Homosexual Agenda Gaining Ground In Barbados
In contrast to earlier times, our state now recognizes that an individual’s capacity to establish a loving and long-term committed relationship with another person and responsibly to care for and raise children does not depend upon the individual’s sexual orientation,” George wrote for the majority in ringing language that delighted gay rights activists.
It seems appropriate on the eve of the Gospelfest Show that we should revisit one of the most vexing issues which has emerged in modern society. The issue of homosexuality will predictably evoke a flurry of comments which will seek to label the Barbados Underground household as homophobic. By now it should be evident that the BU household is firmly moored to a traditional set of values which has served our household well. The unwillingness of Barbadians to be proactive in structuring the kind of society which it wishes to adopt on a moral front is disappointing and regrettable.
It was note worthy to listen to Prime Minister Bruce Golding of Jamaica addressing boldly the issue of homosexuality in his cabinet, as he appeared on the BBC show HARDtalk. He stated in unequivocal terms that it is not his intention to include homosexuals in his cabinet. Despite being grilled by the HARDtalk host he remained resolute that the culture of Jamaica supported his decision. Interesting indeed!
The position articulated by Prime Minister Golding of Jamaica contrasts starkly with that of Barbados. Does anyone remember the call-in show which was aired before the last general election on VOB – January 06, 2008 which featured the current Minister of Family, Youth Affairs, Sport & Environment and the Reverend Joseph Atherley? BU was very critical of the position taken then by both candidates on the weak position presented on how either party intended to pursue the issue of homosexuality on attaining office.
Some members of the BU household have resigned themselves to the fact that the homosexual movement has become and unrelenting force.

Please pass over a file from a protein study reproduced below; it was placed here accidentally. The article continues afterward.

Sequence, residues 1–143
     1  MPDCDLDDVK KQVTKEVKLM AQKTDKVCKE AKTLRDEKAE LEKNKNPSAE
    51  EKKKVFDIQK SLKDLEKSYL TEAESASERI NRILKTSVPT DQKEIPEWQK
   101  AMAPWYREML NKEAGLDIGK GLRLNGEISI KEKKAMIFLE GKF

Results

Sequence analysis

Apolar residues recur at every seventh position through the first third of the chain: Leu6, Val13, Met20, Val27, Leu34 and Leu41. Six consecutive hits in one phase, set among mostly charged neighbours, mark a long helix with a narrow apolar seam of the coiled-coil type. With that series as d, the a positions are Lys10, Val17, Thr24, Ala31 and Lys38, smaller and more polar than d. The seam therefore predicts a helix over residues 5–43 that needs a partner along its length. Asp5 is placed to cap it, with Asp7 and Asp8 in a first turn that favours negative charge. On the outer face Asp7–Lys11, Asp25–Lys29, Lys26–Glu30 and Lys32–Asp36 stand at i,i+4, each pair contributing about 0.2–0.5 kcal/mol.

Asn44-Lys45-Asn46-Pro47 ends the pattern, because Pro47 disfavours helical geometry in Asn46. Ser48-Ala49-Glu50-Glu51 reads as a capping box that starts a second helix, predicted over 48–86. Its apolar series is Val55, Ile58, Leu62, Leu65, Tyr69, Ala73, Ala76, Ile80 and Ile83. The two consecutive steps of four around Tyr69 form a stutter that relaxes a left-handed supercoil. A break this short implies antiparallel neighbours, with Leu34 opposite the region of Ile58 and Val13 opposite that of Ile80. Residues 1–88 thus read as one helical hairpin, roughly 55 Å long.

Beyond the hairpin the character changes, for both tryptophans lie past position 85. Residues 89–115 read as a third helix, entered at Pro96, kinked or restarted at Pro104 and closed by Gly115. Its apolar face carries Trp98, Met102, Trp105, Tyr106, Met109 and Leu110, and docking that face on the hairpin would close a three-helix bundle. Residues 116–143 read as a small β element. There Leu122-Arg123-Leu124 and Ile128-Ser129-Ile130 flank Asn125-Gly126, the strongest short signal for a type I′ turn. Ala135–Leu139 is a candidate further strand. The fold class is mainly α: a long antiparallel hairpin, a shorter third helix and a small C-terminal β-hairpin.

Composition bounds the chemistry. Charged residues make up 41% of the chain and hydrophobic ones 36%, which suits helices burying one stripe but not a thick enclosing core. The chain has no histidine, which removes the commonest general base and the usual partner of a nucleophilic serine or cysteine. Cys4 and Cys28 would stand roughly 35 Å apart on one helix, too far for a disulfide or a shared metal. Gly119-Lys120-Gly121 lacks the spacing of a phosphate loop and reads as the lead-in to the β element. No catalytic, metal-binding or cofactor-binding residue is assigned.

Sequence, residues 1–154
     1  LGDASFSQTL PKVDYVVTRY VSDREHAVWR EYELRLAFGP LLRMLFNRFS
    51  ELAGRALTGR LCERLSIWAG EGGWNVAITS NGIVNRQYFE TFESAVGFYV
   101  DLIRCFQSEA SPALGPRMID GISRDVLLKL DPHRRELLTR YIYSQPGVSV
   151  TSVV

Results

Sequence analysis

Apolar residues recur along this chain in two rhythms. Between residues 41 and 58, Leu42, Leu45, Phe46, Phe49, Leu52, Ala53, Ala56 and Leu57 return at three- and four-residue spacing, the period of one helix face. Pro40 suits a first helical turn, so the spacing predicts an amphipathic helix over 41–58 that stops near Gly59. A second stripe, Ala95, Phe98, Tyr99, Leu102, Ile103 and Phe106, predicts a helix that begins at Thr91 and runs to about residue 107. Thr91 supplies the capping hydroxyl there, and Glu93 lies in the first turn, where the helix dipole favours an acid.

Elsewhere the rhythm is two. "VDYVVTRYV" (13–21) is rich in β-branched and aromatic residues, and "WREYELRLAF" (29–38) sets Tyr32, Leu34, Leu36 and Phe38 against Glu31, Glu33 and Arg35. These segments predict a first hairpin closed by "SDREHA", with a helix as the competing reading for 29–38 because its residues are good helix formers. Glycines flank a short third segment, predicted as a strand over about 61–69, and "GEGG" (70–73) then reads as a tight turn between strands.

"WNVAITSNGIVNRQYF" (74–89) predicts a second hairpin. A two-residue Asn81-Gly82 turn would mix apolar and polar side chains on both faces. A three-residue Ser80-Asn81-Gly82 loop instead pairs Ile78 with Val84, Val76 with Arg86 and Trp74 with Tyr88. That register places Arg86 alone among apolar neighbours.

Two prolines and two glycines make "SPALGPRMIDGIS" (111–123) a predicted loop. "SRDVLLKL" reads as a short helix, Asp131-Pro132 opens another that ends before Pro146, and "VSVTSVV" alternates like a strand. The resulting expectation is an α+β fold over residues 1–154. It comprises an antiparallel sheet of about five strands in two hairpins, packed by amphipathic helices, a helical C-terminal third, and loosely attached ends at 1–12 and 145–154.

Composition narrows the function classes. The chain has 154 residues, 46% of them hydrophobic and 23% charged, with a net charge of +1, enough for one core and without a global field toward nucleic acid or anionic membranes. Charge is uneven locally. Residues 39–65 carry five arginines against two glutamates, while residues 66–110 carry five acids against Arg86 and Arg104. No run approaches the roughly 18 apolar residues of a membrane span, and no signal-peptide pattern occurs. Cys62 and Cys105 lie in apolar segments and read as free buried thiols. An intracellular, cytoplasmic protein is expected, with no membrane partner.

Many Barbadians still respect their culture which disagrees with the homosexual lifestyle and would not want that lifestyle to become prevalent. When the David Thompson government was sworn in earlier in the year many Barbadians were heartened by the involvement of the Church at the ceremony. Maybe we are wrong but we suspect certain expectations were peaked. There was a feeling of hope that the declining values and morals which is evident in modern Barbados were about to be arrested. To her credit Minister Esther Byer-Suckoo has been Prime Minister Thompson’s most visible minister, the uncertainty which she exhibited on the issue of homosexuality back in January confirms to BU she was uncomfortable in her skin on the issue. We suspect that her public offering on how her government intended to manage the homosexual issue was driven by a desire to be politically expedient.
Barbados is a small country which is rapidly being subsumed by a multi-ethnic population. Unfortunately certain core values which have guided our society very well through the years are being diluted. We appreciate that we have to respect the sexual orientation of all of our people. However, there is nothing to say we have to agree with it. We may appreciate in the so-call free world market the need for Barbados to operate in a common economic space. What we don’t appreciate is the willingness by Barbados to prostitute its value system for thirty pieces of silver.
Label BU whatever you want, if it means that we have to accept one more label, so be it. Our conscience shall be our guide!